Trip Report
First Mountain Bike Traverse of the White Rim Road, Canyonlands UT
Thursday November 3, 2016 2:22pm
More adventures in Dr. Peabody’s “wayback Machine” wherein our intrepid travelers ride the first mountain bikes on the White Rim Trail. The winter of 1975-1976 was a drought year in central Colorado, with diddly squat for snow pack in the high country. In a normal snowfall year my friend Steve Morgan and I might be found doing multi-day ski tours in the Elk or West Elk Mountains around Crested Butte. If we tried it on this particular winter we would be carrying our skis on our shoulders for many miles, which held no appeal at all. Since we would typically retire to Canyonlands in Utah during spring break in March for a little warmth and sunshine after a cold Gunnison winter, we decided to just move our desert trip up by three months instead. This was during the era in Gunnison of the “roll-your-own” mountain bike, wherein we would get an old single-speed clunker for about tem bucks and build it up with various off-the-shelf components into the first mountain bikes. Commercially available mountain bikes would not be marketed for another couple of years. So Steve Morgan and I both had proto mountain bikes that we had built that previous summer, and decided what a cool thing it would be to ride the White Rim Trail in the winter.

We arrived early one December morning at the Island-in-the-sky ranger station to announce our intentions (daft), get any beta on water availability (not much), and to indicate that our truck would be in his parking lot for several days, but don’t worry about it. He was cool with it. We didn’t have panniers, just big honkin’ mountain packs crammed with our gear, a couple of liters of water apiece, and about one and a half clues to rub together (you don’t get a lot of heat that way, dontcha know). We descended the Shafer Trail without actually burning our brakes out, got onto the relatively flat White Rim trail, and made pretty good time. We would occasionally find small depressions in the sandstone of the White Rim that held a couple of inches of water, and that comprised our water resources for the first day. It has always amazed me how much suffering a young lad can take and still convince himself that this is all great, grand fun. That first night was spent camping on the White Rim on the Colorado River side of Island-in-the-sky. It was a dry camp, using just the bottled water we brought, but there was enough for dinner and the following morning’s breakfast.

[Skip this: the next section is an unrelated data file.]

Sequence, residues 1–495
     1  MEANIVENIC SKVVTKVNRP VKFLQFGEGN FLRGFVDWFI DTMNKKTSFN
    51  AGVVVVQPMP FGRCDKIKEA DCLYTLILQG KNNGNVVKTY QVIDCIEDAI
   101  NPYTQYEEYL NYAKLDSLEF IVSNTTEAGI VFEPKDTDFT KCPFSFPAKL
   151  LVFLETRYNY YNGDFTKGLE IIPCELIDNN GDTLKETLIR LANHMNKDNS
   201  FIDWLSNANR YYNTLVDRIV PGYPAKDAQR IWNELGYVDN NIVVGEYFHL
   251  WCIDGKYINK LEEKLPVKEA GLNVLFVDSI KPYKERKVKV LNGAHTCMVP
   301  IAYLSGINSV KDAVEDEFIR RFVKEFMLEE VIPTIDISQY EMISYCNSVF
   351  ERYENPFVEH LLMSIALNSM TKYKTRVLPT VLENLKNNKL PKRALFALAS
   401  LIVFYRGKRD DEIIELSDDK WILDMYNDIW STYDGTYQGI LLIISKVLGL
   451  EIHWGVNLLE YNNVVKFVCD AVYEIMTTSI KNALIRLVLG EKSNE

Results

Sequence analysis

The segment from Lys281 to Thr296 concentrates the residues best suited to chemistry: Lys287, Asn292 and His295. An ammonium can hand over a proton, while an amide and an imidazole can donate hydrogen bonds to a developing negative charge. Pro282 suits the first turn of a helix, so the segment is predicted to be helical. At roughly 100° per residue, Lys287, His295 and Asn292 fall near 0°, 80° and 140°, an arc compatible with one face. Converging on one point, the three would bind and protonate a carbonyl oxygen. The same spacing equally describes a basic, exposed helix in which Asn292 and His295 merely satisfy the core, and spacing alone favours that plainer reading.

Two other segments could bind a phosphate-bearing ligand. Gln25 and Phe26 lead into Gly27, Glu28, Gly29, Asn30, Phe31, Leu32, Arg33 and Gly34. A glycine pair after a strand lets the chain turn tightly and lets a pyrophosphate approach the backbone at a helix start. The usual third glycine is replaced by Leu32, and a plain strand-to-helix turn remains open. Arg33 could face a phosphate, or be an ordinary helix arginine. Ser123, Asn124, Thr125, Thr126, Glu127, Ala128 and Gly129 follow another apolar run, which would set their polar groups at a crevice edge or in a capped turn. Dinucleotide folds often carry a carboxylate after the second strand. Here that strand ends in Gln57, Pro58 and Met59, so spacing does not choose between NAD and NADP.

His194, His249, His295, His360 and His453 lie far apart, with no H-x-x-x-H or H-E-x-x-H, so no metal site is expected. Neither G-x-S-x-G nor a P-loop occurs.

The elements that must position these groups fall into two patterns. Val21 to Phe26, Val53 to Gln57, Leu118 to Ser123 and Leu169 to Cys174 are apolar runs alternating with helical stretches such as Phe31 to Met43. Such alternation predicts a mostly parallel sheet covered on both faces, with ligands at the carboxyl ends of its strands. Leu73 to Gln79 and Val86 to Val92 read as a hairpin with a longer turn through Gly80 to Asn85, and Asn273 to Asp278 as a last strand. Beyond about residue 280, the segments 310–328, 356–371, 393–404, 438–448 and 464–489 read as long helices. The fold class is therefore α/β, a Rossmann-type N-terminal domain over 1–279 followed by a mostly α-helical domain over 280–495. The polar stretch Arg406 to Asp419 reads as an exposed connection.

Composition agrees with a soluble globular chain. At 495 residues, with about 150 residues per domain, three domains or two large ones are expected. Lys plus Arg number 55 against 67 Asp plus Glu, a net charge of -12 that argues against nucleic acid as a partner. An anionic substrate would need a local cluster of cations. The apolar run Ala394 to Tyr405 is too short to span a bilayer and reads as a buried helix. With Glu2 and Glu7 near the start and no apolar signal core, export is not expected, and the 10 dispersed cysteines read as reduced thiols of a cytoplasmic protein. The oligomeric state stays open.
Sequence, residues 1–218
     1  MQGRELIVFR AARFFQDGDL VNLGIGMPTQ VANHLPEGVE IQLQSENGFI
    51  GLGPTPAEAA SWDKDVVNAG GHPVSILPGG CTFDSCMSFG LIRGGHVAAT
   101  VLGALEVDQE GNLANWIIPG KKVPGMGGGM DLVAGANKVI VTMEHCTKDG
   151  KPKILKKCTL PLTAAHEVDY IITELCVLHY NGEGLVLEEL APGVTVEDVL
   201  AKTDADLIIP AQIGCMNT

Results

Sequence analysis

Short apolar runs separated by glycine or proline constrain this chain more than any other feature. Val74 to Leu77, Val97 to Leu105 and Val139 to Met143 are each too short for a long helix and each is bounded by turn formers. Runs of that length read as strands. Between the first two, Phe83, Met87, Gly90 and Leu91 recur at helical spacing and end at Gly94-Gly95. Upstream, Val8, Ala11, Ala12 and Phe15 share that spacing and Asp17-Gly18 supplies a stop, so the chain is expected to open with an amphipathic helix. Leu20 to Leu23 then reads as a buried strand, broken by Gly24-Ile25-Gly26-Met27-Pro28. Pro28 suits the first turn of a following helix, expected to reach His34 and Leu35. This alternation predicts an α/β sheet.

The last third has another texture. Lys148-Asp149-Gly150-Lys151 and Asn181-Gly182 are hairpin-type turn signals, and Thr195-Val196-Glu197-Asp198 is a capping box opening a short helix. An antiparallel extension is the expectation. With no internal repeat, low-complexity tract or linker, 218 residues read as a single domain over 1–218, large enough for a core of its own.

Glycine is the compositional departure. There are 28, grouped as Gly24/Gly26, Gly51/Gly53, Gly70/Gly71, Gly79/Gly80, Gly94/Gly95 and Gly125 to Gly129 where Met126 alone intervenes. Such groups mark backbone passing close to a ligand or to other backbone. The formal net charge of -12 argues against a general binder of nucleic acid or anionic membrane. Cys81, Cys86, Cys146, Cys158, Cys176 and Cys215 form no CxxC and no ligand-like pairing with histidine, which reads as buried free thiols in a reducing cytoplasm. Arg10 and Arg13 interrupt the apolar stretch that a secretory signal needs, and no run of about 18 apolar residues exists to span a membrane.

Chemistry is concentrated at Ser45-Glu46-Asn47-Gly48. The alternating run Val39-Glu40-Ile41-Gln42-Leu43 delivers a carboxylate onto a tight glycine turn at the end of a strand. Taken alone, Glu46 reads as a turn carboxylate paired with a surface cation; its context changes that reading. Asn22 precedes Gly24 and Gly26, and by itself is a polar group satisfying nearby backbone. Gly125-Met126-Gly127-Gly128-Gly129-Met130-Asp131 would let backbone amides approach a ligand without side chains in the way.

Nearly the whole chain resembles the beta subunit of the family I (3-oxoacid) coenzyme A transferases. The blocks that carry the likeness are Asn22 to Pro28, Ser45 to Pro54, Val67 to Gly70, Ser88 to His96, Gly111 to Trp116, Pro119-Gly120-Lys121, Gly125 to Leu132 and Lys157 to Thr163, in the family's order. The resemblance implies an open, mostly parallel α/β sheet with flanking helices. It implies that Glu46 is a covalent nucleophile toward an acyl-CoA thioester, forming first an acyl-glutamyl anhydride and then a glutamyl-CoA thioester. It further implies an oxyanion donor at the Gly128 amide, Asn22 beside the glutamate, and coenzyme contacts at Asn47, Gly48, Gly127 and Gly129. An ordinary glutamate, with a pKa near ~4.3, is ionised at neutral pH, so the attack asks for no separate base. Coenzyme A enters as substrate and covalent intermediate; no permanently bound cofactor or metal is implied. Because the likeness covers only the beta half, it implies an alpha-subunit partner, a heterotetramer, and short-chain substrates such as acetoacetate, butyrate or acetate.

Steve Morgan descending the Shafer Trail in Candylands on his homemade...
Steve Morgan descending the Shafer Trail in Candylands on his homemade mountain bike.
Credit: Nick Danger
Steve tooling along the White Rim Trail about a mile from where it int...
Steve tooling along the White Rim Trail about a mile from where it intersects the Shafer trail coming down from Island-in-the-sky. La Sal Mtns in background.
Credit: Nick Danger
Steve and his bike on the Permian White Rim Sandstone Formation.  Not ...
Steve and his bike on the Permian White Rim Sandstone Formation. Not all potholes contained water, but enough did to sustain us on our first day of riding.
Credit: Nick Danger
Toward evening on the first day, with temps in the low 30’, and gettin...
Toward evening on the first day, with temps in the low 30’, and getting into the hi teens that night.
Credit: Nick Danger

The days were cool, the nights were cold, but the weather stayed clear for the first three days. On the second day we rode around the southern end of the White Rim and into the Green River side of Island-in-the-sky. For the most part the White Rim trail was hard-packed dirt or bare sandstone and we were able to ride many miles with relative ease. Occasionally we would hit energy-sapping soft sand, but these stretches seldom lasted more than a few hundred yards.
Steve stunting for the cameraman.  Notice the safety head gear – we’re...
Steve stunting for the cameraman. Notice the safety head gear – we’re all about safety.
Credit: Nick Danger
Yer loyal scribe on the southern part of the White Rim.  Style points ...
Yer loyal scribe on the southern part of the White Rim. Style points for the Haliburton hat.